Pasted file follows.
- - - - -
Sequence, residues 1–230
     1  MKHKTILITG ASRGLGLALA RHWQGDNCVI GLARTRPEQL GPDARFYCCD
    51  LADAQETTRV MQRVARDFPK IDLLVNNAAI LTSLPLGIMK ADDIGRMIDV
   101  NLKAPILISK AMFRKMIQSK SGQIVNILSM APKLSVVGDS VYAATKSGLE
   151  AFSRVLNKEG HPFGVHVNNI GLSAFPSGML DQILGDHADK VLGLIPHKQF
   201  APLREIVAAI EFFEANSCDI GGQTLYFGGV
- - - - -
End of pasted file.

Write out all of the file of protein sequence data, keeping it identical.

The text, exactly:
Sequence, residues 1–230
     1  MKHKTILITG ASRGLGLALA RHWQGDNCVI GLARTRPEQL GPDARFYCCD
    51  LADAQETTRV MQRVARDFPK IDLLVNNAAI LTSLPLGIMK ADDIGRMIDV
   101  NLKAPILISK AMFRKMIQSK SGQIVNILSM APKLSVVGDS VYAATKSGLE
   151  AFSRVLNKEG HPFGVHVNNI GLSAFPSGML DQILGDHADK VLGLIPHKQF
   201  APLREIVAAI EFFEANSCDI GGQTLYFGGV